How to Pitch – and Gain – a Weekly Column

If you’ve ever dreamed of having a weekly byline in the pages of the local or regional newspaper, you can make that dream into a reality. Many newspapers, both large and small, seek freelance columnists to provide copy for their paper. Over the past twenty years I’ve authored several columns in many newspapers.

First, network. Learn the names of the editors for any paper you seek as a home for your byline. Know the name of the editor of the department you want to write for and become familiar with that department. Meet the editor. If you have a chance to meet socially – at a local service organization, club, or event – do so. If not, gather up your clips, dress neat, and head for the newspaper office to introduce yourself to the editor.

Find your niche and what the paper needs. I’ve written ongoing book review columns, op-ed (opinion) columns, family columns, and local columns. Each was tailored to a need that a newspaper had and I filled it. If you’re uncertain where you might fit in ask the editor about current needs. I netted my book review column because I asked the editor what he needed. He considered it and said, “You know, I’ve always wanted to have someone local write book reviews. If you think you could write book reviews, I’ll take a look.” He wanted reviews of new books and so I wrote a column on a bestseller. He ran it, paid, and we enjoyed several years of a good working relationship.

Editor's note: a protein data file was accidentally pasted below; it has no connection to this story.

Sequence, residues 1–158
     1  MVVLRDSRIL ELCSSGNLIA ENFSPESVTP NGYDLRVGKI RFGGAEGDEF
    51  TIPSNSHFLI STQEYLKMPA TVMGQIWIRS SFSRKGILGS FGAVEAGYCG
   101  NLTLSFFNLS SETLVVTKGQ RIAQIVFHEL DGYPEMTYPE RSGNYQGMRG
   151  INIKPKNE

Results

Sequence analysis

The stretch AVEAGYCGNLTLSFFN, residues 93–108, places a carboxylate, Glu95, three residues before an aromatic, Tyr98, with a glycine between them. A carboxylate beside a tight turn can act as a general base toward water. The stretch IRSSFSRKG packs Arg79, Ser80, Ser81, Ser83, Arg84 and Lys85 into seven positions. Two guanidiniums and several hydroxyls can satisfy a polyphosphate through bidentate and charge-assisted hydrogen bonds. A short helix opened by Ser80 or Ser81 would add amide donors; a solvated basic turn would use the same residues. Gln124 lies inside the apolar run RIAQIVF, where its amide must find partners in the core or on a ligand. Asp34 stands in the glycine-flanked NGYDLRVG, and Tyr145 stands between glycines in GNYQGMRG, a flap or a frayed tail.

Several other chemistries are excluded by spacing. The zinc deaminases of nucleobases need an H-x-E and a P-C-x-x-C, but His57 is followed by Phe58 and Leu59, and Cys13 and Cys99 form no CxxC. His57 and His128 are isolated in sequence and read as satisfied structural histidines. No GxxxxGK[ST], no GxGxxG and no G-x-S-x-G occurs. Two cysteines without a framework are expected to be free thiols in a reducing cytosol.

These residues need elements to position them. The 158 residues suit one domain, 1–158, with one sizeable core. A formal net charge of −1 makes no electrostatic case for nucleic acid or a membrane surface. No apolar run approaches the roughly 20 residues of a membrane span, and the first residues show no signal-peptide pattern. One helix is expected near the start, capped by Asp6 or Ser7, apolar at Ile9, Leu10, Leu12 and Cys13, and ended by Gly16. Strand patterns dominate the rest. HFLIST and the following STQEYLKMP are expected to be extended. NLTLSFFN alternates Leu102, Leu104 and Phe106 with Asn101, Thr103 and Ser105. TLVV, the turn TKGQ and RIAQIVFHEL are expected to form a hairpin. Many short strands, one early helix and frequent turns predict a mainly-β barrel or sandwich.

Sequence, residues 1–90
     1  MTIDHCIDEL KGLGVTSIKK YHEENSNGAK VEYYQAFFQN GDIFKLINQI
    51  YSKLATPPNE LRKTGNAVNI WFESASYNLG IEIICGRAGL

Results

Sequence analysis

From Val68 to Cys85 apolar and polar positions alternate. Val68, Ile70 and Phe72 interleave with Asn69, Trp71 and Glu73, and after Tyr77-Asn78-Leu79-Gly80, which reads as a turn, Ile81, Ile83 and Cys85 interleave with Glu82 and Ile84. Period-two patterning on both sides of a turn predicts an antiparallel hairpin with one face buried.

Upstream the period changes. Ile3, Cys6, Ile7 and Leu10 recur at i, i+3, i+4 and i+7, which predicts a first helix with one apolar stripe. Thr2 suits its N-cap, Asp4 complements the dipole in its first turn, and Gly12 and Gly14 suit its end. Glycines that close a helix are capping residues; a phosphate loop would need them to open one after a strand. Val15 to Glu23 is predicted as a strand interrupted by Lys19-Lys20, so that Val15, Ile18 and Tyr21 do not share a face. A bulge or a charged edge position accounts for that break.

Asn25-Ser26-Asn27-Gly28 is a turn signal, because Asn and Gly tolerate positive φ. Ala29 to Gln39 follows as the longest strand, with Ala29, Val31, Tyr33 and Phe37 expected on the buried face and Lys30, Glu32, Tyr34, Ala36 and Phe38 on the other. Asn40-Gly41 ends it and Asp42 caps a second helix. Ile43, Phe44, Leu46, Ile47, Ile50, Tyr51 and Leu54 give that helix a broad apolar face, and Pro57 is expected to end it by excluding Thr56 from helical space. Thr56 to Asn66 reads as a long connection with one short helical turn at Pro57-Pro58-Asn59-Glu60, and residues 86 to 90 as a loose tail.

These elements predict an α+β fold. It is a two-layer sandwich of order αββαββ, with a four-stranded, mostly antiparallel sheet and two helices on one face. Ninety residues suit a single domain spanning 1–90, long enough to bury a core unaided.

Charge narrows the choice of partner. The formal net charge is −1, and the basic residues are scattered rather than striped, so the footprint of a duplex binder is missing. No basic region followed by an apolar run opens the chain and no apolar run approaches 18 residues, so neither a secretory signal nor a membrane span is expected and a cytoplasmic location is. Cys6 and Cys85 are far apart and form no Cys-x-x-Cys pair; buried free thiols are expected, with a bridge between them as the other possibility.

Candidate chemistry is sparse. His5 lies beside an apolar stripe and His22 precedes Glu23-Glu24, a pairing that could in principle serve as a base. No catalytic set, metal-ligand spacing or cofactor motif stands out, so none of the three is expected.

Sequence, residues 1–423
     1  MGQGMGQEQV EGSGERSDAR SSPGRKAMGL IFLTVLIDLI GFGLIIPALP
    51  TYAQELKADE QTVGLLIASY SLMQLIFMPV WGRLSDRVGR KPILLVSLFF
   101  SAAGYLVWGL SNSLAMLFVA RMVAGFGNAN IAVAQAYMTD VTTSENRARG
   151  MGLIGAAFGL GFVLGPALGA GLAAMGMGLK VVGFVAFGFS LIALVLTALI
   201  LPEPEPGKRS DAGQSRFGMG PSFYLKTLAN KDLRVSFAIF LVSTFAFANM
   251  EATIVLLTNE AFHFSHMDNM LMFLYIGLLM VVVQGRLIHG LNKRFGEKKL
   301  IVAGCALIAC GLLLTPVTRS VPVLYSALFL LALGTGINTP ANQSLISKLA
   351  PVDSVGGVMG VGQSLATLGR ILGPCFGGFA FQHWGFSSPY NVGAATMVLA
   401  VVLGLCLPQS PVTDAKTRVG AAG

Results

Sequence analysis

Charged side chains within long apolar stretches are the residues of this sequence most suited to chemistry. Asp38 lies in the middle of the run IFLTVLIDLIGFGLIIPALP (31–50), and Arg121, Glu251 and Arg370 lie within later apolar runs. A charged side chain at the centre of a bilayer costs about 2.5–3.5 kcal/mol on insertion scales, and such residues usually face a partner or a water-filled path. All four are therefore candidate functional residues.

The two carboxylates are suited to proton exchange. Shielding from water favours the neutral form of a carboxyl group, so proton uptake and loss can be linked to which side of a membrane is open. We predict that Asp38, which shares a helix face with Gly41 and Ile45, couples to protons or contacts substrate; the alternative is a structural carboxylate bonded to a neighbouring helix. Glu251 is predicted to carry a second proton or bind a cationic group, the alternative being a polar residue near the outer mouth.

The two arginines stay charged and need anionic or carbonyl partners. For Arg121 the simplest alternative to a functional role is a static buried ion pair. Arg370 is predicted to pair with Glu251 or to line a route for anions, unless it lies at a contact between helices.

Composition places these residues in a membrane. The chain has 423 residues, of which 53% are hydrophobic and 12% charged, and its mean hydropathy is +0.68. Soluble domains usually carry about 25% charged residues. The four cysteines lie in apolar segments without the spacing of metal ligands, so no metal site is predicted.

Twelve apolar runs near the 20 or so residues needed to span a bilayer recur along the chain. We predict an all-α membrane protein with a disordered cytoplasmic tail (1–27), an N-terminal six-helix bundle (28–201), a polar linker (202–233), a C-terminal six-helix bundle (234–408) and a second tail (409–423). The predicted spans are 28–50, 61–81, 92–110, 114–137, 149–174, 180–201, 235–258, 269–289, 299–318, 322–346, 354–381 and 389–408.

Polish your skills. Newspaper readers are skimmers. They scan the page and move on if nothing gains their interest. Make your column interesting and dynamic. Without readers, you won’t become a columnist.

Draw on common experiences. Whether you’re writing about genealogy, current events, or local history, draw the reader into your story with a common denominator. Find something that almost everyone can relate to and incorporate it into your story.

Be flexible. A weekly column may not be possible in the beginning but a twice-monthly column can get your foot in the door. Although some smaller papers don’t want to pay for columns, ask for compensation. Consider the average rates in the area and be reasonable. If nothing else, ask to barter your work for a free subscription or other perks.

If you are able to gain a regular column, congratulations! Prepare for feedback. You’ll receive both glowing praise and occasional criticism. That’s part of the overall picture. An ongoing newspaper column can gain additional clips, provide exposure, and earn experience. You might even become syndicated!

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